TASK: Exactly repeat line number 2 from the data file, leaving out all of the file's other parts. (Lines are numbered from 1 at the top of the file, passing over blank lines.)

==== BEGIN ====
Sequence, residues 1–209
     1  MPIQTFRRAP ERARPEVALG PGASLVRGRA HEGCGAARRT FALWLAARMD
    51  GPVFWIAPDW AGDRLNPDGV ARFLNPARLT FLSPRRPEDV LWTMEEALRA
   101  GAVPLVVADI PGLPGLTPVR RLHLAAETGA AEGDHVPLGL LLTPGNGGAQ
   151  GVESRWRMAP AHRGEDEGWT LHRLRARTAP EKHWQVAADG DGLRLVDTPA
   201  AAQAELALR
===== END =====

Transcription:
     1  MPIQTFRRAP ERARPEVALG PGASLVRGRA HEGCGAARRT FALWLAARMD